05 Aug THE DEADLY BREAKING SWORD, STATUS IS THE BIGGEST PRIZE BY KIM AUGUST
In The Deadly Breaking Sword, director Sun Chung places reputation above all else. This desire for rank and status ripples off the quartet of men who dominate this tale.
For Tuan Chang-Qing the Deadly Breaking Sword, his many duels are a minor war against any who “defy” him. He arrogantly flaunts his martial successes to all comers, tells a woman he will not hear her insults (i.e., the truth about him), and plants himself upon a pedestal as his unique sword style is quite effective. While appearances suggest a gentleman, Tuan gloats and endlessly mocks those beneath him, offending all sides. His barbed words are a psychological stab which can be as painful as the title sword technique. Indeed, this taunting is pivotal to his success on and off the battlefield. Though this sword twirling peacock is humiliated several times, his cool reputation remains intact.
Sun Chung was fond of exposing the flaws of the elite, and in Tuan, the director offers a humorous precursor to the awful one-upping swordsmen from Human Lanterns (1982). One look at Tuan Chang-Qing’s galloping gait seen during those duels is not unlike his prized stallion; haughty and majestic. Indeed, Ti Lung’s playfully snobby turn as Tuan makes him something of an epic jerk, which is partly why Chen Hui-Min’s turn as Lian San, The Throat Piercing Halberd, becomes so compelling.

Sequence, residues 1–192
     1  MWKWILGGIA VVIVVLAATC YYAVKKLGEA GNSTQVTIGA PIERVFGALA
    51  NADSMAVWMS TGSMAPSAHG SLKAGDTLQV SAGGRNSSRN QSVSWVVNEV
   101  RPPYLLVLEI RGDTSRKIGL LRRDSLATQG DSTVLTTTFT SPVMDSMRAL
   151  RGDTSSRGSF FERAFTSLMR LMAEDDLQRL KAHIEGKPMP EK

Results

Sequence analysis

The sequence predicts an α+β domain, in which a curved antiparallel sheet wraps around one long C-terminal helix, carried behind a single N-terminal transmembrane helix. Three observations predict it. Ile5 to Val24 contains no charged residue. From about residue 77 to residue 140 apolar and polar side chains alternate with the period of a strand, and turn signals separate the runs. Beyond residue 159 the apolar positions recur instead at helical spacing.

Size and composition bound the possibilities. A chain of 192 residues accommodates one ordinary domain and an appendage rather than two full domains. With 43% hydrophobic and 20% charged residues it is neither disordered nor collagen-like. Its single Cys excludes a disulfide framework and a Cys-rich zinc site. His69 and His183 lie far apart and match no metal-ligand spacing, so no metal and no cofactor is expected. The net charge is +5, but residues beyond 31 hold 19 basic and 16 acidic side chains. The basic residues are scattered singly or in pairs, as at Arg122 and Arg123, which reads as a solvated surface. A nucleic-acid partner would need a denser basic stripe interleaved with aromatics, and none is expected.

In a movie rampant with unlikable characters, it is Lian San who feels the most human, and for me, remains this story’s most fascinating character. The Throat Piercing Halberd is the guy we’re supposed to be rooting against, and yet, Tuan’s constant strutting turns the tables. Vulnerable, dangerous, and single-minded Lian San will do anything to regain his fearsome reputation. Sun Chung and screenwriter Ni Kuang would warp this broken swordsman into something more horrific in Human Lanterns, but here, The Throat Piercing Halberd is not quite the super villain he almost mimics. Instead, there is a thoroughly dangerous wounded warrior who only wants to restore himself to glory.
Of our three martial artists, the last is Xiao Dao, the Little Dagger. Fu Sheng’s young gambling addict nimbly reveals his dexterity with a sword, while his provoking tongue annoys just about everyone he crosses. The youth dreams for wealth and prominence in the martial world; he wants to be just like Tuan. Xiao Dao desires that golden reputation, but his addictions keep him stuck in the same rut.
And the man who pits this trio against each other is none other than the “Killer Doctor” Guo Tiansheng. Ku Feng cooly manipulates the more experienced fighters mentioned above, while his constant retinue of bodyguards ensures his lofty lifestyle and status. He will do anything to preserve his place and wealth in the world including killing people who get in his way.
How these men react to each other and their ongoing change of fortunes is one of many reasons why The Deadly Breaking Sword is among the best wuxia Shaw Brothers produced. Add the near role reversal of Ti Lung and Chen Hui-Min’s duelists, and you’ll see another unique take on vengeance trail courtesy of director Sun Chung.
When not rooting for Lian San, Kim August can be found flexing her Pen Fu at ShawBrothersUniverse.com, along with writing, ruminating and drawing on her Shaw-centric blog.